She remembers the ghetto and the opera that was sung by the canter every Sunday, a song that she could not listen to the rest of her life without tears, she remembers her favorite teacher who was crippled from polio lying naked in a barn next to his wheelchair that was dismantled by the Nazis. He begged my nanna to bring him poison so that he could kill himself before they did, she did not bring him poison, and they did kill him. She remembers her uncle Marti Bachii being beaten on the soles of his feet and dying from a stroke in her lap on the trains to Auschwitz; she remembers his blue hand that kept falling from the blanket it was wrapped in and how she had to keep tucking it away. She remembers the last time she saw her father before he jumped from the train. How he told her and her mother not to volunteer for anything and then he was gone, forever. She remembers bits and pieces of her arrival, the slop that they were fed every morning, the first time that she saw the sign that read “gas chamber.” She remembers sitting in a corner of the barracks in a piece of fabric that she tied around her like a diaper, half naked, staring off into space and seeing her mother fight like a tiger to bring her water, then blackness. She remembers when she and her mother were chosen to be sent to a labor camp, then finally, liberation.
Trauma occurs when your brain cannot fit or comprehend the information that it is bearing witness to. As a result it keeps coming back in different forms, trying to fit itself neatly into the psyche, but there is no way for this amount of trauma to fit. It is blocked, lost forever, and can sometimes never have a true witness.
Second Section of DVD
After the war my grandparents were reunited. My grandfather had lost every single person in his family. My grandmother and her mother were all he had left of his identity before the war and none of them wanted to remember what they had been through. They all agreed that the past should be left as the past, not spoken of; they needed to live for the future and speak only of the future.
They moved to a small town in Virginia, changed their last name to Collin, started attending a Baptist church and began rebuilding their new life, new family, and new identity. As my grandmother says, “we just wanted to blend into the wallpaper.”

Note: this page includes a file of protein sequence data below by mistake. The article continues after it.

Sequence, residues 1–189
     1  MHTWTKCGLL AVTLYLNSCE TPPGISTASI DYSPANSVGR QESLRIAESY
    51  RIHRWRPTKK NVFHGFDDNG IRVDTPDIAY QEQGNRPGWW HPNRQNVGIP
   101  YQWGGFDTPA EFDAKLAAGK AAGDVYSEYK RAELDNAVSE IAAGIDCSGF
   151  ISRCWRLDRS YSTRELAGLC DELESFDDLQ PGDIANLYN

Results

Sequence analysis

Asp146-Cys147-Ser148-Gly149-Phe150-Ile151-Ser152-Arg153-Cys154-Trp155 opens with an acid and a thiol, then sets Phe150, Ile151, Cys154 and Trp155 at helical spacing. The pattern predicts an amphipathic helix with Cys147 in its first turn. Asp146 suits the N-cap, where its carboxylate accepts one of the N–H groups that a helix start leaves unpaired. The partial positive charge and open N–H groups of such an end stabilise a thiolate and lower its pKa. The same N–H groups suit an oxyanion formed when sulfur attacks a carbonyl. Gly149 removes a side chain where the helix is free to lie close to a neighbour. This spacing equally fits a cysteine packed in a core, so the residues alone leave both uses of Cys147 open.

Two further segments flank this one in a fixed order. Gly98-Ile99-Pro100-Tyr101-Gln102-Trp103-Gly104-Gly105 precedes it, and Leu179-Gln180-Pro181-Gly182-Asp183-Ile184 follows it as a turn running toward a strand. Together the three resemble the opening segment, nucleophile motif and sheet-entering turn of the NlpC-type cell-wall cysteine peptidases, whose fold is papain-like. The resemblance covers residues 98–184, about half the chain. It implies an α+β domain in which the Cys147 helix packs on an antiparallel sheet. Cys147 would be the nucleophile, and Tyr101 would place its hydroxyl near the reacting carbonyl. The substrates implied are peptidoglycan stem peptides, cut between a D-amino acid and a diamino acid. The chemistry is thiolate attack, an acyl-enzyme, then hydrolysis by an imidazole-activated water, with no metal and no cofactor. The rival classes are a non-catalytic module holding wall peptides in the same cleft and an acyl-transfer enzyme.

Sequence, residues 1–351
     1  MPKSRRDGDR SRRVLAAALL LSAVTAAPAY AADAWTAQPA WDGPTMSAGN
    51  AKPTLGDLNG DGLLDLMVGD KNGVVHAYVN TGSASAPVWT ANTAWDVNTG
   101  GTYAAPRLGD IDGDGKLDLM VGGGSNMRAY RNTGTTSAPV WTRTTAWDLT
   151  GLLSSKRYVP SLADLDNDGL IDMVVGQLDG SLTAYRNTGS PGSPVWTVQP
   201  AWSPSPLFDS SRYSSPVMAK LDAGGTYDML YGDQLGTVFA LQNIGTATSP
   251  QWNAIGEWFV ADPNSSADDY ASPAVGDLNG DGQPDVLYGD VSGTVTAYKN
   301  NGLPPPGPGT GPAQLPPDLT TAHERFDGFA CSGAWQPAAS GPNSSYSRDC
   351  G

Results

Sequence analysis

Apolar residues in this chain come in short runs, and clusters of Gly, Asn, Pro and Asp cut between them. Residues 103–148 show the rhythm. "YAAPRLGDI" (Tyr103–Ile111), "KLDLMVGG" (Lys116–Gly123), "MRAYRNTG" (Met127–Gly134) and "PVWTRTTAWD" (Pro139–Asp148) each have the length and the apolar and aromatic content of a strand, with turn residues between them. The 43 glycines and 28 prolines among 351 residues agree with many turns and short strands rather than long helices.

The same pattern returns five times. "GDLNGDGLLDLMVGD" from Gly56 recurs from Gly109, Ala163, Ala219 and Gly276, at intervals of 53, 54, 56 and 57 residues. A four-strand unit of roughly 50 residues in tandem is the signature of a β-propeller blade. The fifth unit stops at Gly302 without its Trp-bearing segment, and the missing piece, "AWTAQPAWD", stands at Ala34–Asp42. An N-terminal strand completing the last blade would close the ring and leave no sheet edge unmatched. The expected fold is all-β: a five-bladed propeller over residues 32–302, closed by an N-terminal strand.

Slide “Loud Whisper”-
In this attempt to blend in, they decided that it would be best to not tell their children of their history until they felt that they could handle it. So my mother and her brother were raised in a house that resonated with an untold fear and anxiety. My grandparents stuffed memories of all that they witnessed and all those things that they had never grieved in every corner of the house. These hidden memories manifested into an inability to cope with the love that they felt for their own children. They knew all too well the possibility of losing everything. The only way that they knew how to cope, and to live with the idea of losing again, was to shut off the intimate bond that a parent should have with their children.
My grandparents finally told my mother and her brother in secrecy of their being Jewish and of their parent's experience during the holocaust when my mom was sixteen. My mother says that all she could do was weep uncontrollably. After that day, they were not to speak of it again.
The sculptures that I make are driven by a desire to investigate how an individual’s personal history affects their identity, behavior, and actions. I am especially interested in intergenerational trauma and how a person’s past, particularly a past that has been interrupted or scarred by a traumatic event such as war, can influence patterned behaviors that pass through the family. When the effects of trauma are passed on from parent to child it is called intergenerational trauma. When these patterned behaviors have no memory to recall the source of familial trauma, when one is unable to access the pain of a troubled past, the problems they cause become extremely difficult to deal with. The result can be great pain, confusion, fear, anxiety, and in turn the problems become the inheritance of another generation. The point is – the damage of trauma can be far reaching.
My grandmother’s inability to show love or speak of love made it very difficult for my mother to do the same. Love was always surrounded by fear and anxiety. My grandmother never told my mother or myself that she loved us. My mother did not tell me until I was 15; I remember that day very well.
Needless to say, my grandparent’s repressed memories became manifest in fear and anxiety, which were passed on to my mother, and in turn, passed on to me. It could go on, but I will not let it.
Slide- Inherent Longing